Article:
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Have you built your own home? Enter the Homebuilding and Renovating awards

Have you done an extraordinary extension, an amazing conversion or built a truly original home? The Daily Telegraph Homebuilding and Renovating Awards want to hear from you. Jasat’s new home won the award for best conversion in last year’s competition.

Categories range from green home, custom-build, self-build in traditional and contemporary styles, and “best spirit of self-build” – one that happened against the odds or for great value for money. The best of all those entered will win the coveted “home of the year” prize.

The deadline for entries is May 17; go to homebuilding.co.uk/awards for the full details and instructions on how to enter. Good luck!

Take a crumbling church in Gloucestershire and add a 3D mapping tool, a mechanical engineer, a huge amount of ambition, and what do you get? A family home that is filled with light and packed with idiosyncratic features.

From the outside, it appears that nothing has changed in this former Methodist church in Stroud. But inside, it has been given a new lease of life by Az Jasat, who acted as contractor, designer and project manager – as well as the client.

Az Jasat, who won the award for best conversion in last year’s Homebuilding and Renovating Awards

Credit:
 Simon Maxwell

Jasat and a colleague laser-scanned the building to create a 3D model, in order to work out a design and draw out partitions that would create rooms within. He also had to change the use to residential, which meant conforming to strict building regulations, including adding certain kinds of insulation.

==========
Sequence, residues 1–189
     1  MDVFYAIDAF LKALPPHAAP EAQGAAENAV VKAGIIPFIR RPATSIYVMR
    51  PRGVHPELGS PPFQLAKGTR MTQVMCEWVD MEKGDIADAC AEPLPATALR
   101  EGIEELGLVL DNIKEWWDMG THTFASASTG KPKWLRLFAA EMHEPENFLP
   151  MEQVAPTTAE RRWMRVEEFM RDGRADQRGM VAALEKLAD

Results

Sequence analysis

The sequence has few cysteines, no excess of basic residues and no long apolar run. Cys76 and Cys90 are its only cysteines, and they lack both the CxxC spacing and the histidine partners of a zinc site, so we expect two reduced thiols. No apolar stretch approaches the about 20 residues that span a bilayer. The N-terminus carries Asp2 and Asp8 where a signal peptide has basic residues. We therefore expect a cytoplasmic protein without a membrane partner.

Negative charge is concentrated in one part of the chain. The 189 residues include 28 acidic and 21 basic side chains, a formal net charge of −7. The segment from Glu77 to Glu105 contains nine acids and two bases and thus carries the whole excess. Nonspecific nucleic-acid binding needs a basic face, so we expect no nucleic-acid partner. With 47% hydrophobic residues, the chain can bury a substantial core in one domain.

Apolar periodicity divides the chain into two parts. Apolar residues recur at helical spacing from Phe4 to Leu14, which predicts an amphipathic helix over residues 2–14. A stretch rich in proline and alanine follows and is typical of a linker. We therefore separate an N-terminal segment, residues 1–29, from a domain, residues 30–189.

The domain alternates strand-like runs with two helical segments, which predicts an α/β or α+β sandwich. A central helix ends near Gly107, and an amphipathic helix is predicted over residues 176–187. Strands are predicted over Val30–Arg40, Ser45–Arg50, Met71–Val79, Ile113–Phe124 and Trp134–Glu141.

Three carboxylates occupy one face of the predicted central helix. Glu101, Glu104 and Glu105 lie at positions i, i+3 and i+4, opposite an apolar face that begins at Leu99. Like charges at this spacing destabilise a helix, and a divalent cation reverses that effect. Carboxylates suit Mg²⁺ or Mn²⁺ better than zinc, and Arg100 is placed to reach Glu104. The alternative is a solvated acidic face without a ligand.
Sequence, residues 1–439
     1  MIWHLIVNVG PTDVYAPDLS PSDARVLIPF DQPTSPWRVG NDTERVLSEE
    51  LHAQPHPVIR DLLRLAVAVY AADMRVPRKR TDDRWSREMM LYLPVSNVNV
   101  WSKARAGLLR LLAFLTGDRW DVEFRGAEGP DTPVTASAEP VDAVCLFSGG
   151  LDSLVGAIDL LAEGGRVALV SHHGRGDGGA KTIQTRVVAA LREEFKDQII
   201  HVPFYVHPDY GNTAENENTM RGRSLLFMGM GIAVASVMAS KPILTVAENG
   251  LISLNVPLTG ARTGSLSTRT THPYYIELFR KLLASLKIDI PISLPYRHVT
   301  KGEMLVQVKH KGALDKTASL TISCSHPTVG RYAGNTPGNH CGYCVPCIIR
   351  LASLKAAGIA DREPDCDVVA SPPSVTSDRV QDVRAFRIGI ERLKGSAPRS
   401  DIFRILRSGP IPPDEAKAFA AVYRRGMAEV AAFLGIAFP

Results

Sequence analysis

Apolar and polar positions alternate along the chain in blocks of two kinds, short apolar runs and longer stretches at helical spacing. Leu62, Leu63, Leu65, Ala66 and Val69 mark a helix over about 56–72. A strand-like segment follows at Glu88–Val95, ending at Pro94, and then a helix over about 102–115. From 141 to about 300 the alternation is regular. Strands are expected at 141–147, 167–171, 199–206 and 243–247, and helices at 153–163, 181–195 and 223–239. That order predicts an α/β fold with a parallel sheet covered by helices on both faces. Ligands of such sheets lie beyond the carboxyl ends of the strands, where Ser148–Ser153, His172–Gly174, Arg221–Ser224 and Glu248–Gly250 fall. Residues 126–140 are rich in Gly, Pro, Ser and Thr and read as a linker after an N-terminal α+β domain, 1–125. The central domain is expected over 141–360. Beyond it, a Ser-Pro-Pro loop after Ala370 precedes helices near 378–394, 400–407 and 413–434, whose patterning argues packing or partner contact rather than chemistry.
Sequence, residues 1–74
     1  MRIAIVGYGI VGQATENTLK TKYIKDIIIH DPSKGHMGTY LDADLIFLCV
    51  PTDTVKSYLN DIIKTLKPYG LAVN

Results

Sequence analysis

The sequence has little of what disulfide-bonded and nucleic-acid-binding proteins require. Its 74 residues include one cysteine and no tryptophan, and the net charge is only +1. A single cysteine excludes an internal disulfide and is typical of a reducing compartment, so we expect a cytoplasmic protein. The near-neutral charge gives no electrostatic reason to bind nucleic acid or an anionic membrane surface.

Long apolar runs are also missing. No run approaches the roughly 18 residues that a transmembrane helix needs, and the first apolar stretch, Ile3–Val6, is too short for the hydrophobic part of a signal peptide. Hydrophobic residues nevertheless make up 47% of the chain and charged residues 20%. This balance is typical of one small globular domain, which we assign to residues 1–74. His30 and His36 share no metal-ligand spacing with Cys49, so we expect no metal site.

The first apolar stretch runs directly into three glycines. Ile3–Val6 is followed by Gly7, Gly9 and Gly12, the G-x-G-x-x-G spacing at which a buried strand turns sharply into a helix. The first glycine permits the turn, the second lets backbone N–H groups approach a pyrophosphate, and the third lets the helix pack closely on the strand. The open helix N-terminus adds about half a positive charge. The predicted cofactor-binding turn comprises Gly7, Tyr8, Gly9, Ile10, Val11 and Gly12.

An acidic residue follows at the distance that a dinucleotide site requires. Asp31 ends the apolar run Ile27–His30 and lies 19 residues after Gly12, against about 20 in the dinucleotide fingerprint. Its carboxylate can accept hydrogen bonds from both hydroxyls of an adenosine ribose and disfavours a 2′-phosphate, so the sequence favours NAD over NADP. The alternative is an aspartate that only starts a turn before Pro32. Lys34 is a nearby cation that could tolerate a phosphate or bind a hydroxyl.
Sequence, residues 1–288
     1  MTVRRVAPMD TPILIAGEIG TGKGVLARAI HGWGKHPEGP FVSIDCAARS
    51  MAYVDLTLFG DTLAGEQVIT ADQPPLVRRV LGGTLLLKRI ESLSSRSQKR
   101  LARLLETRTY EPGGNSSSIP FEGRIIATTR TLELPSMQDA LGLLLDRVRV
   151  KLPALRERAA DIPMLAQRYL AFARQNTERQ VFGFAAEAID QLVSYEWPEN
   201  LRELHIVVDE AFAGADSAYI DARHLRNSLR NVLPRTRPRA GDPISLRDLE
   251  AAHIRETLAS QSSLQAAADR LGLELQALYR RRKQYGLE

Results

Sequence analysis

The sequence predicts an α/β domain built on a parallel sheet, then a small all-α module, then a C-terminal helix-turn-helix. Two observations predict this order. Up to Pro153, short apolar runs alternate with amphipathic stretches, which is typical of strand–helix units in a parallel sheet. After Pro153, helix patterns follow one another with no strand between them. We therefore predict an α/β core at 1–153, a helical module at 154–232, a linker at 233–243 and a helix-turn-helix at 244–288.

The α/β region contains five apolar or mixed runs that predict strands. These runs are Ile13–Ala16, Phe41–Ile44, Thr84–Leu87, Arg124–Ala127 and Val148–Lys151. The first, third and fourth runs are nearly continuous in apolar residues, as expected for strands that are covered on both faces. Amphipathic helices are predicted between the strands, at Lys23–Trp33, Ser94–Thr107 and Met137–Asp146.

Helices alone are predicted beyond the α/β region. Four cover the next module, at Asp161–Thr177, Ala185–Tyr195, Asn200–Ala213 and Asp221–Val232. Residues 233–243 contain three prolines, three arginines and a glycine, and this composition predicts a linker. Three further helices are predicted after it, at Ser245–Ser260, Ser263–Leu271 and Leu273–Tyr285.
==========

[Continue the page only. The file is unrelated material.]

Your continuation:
“I had strong ideas of what I wanted,” says Jasat. “So I developed the concept into planning and detailed construction drawings; I wanted to challenge all the obstacles thrown my way and work out ways of doing things that didn’t ­initially conform. I didn’t want just a standard specification.”

It took careful planning, such as adding in a first floor while keeping the church’s high ceilings and not slicing through the windows. He solved this by using huge steel beams to support the upper storey, putting one of the four bedrooms downstairs and the other three at the back of the house. The living room has double-height ceilings, and rooflights flood the bedrooms with light. The kitchen sits in a large single-storey structure at the back of the building, and its bifold doors open out on to a patio.

It’s not just the proportions of the church that provide a reminder of its former life: the old organ is displayed proudly in the living room, framing the television. It has a playful side, with ­orange accents on walls and in the ­furniture and art that provide bursts of colour throughout the house.

“My professional life centres on technology in the construction industry and applying building ­information modelling (BIM), cloud computing and prefabrication techniques to reduce project risk,” says Jasat. “I’ve had to relax those principles with the chapel and take a more organic approach, sympathetic to this quirky, old building.”

The plot, including the damp, disused church, cost £93,000, and Jasat spent £180,000 on the build. The property is now worth £500,000.

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